A successful freelance business means repeat customers. You might do regular work for some of your clients, or perhaps you work on a retainer basis for clients.
And one of the key parts of running your business is invoicing clients so you get paid on time. But it can be time-consuming, not to mention mundane, to write the same invoice time and again for the same client, or the same invoice to remit in exchange for retainer work on a regular basis.
That’s when having a recurring invoice template can be a real help. You won’t have to keep writing the same invoice, and you’ll free up time usually spent on administrative tasks. That time can be spent doing business development or other important work.
So whether you want to use a professional service for your template or create one on your own, let’s look at the 3 considerations in developing a recurring invoice template.
1. Build repeat information into a recurring invoice template
Every invoice you’ll prepare and send to clients will have similar, or exactly the same, information contained in it. That means as you develop a recurring invoice template, you can build in the information that will be relevant for every job and every client.
Here are some examples:
1.1. Your business information in the recurring invoice template
This will have to be part of every invoice, and should be the same on every invoice. This section will include your business name, contact information, and a business number or tax number if relevant, along with a mailing address and email address. You can add a logo if you have one, and a website address if you like.
1.2. Client’s business information in the recurring invoice template
While this will change for every client, you can have a section in your recurring invoice template that’s dedicated to client information. Once again, this will include the business name and contact information. In the case of invoices, it also needs to include a spot for the name of the person who actually pays the bills, as this may be different than the person you worked with on the project.
1.3. Invoice number in the recurring invoice template
Every invoice should be numbered, so include a place for a number and a reminder to yourself to update the number for every invoice based on your record-keeping system. A number makes it easy for the client to reference the invoice if there are any questions, and it makes it easy for you to document that the invoice was sent, paid, or needs to be re-sent with a reminder.
1.4. Dates in the recurring invoice sample
There should be a spot for two dates. One is the date the invoice is created and sent, and the other is the date the payment is due. Make sure you leave enough time for the clients to receive the invoice and pay you within their billing cycle, while also ensuring you don’t wait too long to get paid.
1.5. Description of the job in your recurring invoice template
This is a dedicated section for a description of the work you completed for the client, with as much detail as you think is necessary. This will be updated for every new invoice. If you do similar kinds of work for multiple clients, you can have descriptions of the work ready to insert when you update the template for a specific client or project.
1.6. Empty cells for cost details in your recurring invoice sample
This is where you will update the template for every invoice, outlining how much the work is worth, along with any taxes, expenses, and a grand total owed.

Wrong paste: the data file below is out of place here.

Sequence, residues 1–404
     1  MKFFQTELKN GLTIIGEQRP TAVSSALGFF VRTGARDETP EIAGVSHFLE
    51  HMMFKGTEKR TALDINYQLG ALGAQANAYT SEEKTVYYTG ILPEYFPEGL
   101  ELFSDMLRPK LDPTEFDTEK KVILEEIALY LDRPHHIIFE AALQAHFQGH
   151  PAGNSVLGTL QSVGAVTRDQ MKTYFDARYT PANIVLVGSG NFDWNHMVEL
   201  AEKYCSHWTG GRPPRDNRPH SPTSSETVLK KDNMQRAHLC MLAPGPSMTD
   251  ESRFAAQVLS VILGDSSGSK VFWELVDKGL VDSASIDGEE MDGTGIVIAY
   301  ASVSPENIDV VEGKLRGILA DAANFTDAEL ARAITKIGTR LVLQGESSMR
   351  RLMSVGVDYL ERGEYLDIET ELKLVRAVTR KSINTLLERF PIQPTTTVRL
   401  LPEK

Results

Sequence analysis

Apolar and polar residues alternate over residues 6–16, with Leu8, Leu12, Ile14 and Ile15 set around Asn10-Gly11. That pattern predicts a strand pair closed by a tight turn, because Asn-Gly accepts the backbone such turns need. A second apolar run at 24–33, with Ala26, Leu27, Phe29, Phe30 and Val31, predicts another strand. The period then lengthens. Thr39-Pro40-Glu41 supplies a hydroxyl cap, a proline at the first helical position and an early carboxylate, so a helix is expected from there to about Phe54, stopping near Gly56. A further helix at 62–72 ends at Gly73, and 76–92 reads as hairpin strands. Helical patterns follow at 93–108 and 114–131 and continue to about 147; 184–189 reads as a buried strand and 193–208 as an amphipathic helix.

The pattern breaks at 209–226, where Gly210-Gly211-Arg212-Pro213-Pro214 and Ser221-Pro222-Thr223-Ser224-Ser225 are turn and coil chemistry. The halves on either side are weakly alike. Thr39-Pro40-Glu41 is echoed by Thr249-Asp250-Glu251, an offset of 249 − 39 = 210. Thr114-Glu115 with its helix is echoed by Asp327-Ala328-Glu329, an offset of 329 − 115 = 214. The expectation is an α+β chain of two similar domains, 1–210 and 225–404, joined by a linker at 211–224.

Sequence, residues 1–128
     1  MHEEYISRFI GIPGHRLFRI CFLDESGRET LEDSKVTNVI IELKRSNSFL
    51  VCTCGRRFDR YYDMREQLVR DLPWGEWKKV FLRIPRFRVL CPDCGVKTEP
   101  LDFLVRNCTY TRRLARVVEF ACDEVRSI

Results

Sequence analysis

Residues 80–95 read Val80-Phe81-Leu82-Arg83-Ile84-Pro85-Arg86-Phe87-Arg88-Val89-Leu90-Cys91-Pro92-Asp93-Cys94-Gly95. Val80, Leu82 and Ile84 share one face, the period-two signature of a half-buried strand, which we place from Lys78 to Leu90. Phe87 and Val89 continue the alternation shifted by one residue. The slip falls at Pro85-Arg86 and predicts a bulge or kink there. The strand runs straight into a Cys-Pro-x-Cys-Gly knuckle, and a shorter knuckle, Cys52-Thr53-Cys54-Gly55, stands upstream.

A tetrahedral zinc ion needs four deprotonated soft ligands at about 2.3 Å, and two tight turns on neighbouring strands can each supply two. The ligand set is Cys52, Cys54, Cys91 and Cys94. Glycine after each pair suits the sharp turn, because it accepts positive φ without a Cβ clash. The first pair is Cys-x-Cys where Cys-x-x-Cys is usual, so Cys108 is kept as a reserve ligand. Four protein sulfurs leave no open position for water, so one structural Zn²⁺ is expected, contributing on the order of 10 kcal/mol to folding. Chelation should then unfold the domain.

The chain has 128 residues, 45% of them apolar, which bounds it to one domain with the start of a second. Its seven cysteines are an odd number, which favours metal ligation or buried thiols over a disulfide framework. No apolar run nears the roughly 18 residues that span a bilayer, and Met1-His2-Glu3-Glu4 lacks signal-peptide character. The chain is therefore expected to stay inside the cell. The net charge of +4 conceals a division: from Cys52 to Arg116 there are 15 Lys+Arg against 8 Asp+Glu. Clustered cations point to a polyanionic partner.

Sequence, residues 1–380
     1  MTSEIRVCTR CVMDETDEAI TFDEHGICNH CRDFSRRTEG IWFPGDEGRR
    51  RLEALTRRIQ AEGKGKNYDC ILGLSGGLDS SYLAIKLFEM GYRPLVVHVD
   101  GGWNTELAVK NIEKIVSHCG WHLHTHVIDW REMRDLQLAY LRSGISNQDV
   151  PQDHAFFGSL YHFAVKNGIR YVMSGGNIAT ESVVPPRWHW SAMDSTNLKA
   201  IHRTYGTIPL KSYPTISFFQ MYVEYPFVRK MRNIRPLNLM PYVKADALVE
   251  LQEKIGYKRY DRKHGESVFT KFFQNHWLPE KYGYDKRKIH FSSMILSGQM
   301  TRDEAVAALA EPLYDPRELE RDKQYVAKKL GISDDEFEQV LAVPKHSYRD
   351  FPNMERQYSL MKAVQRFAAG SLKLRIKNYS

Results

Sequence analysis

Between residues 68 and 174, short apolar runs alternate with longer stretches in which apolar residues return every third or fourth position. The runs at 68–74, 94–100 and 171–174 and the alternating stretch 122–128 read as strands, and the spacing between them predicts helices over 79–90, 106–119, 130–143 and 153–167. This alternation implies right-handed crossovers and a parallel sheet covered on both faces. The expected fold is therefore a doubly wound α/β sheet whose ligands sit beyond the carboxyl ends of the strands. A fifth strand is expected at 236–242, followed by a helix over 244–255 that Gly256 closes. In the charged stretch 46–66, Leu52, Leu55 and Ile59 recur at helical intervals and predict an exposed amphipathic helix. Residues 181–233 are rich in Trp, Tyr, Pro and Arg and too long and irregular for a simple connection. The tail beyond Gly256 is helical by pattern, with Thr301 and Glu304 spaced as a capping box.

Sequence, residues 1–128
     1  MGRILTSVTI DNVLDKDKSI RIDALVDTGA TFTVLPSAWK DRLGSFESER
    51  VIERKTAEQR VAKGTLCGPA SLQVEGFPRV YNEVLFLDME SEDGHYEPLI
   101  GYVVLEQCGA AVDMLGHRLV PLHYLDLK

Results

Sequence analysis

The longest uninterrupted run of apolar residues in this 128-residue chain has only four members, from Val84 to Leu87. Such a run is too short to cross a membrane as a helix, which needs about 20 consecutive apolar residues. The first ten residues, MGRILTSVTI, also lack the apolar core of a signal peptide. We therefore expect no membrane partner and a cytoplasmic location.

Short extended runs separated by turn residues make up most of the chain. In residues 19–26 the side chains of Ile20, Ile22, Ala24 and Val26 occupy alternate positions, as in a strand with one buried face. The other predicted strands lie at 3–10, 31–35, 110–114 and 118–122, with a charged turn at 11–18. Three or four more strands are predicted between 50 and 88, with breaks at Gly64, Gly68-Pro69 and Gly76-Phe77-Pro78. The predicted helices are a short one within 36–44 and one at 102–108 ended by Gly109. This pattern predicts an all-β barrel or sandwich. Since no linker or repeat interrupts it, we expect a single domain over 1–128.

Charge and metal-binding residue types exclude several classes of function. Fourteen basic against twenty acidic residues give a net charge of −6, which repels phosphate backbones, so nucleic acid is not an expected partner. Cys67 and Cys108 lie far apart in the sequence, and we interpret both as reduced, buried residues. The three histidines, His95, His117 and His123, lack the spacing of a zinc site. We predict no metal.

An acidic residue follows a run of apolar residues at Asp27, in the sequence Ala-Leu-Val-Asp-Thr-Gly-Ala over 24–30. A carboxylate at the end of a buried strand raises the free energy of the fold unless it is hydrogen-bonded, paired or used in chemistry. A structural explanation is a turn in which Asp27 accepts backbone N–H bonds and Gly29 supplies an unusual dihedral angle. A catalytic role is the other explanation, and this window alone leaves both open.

As you do more work for various clients, you may find there are other details that are the same across jobs, and you can add those to your recurring invoice template.
2. A recurring invoice template should include payment terms
You may think that because you work for a client on a regular basis, even on a retainer, that you don’t have to include payment terms.
But every invoice you send, whether to a regular client or a new one, needs to include payment terms. That means specifying a date that payment is due, any late fees or charges for late payment, along with specific information about how you accept payment.
Make it easy for any client to know how to pay you, whether you’ve worked for them for years, or you just completed your first project for them. Be sure that you do specify late payment fees. It seems heavy handed, but you’re running a business and need to be sure you get paid on time. Most clients will understand this and will be sure to meet deadlines, within their payment schedule.
You should also ensure your payment policies stay the same. For instance, don’t make one invoice due on receipt and the other due in 30 days. This is true for any client, but in particular those for which you would be sending regular invoices. It’s part of invoice etiquette to make sure you aren’t rushing, confusing or surprising your clients.
3. Create a recurring invoice template for all regular clients
Let’s say you work on a retainer for a particular client. In exchange for an agreed-upon amount of work each week, or month, you get paid a specific amount.
Or, you do similar work for a client on a regular basis, so each invoice you send to that client is very similar.
In instances such as these, you can build a recurring invoice template for each client. In the template, you can include the work description and the cost or payment owed for that work. In this way, the template will only need a few changes each time you prepare to send an invoice. The date, invoice number, and date payment is due will be the only information that should need to be changed.
This is a form of automation that will help save you time in the long run. Having the contact details, job description, and prices all saved in a recurring invoice template means you won’t be entering this information each time you bill that regular client.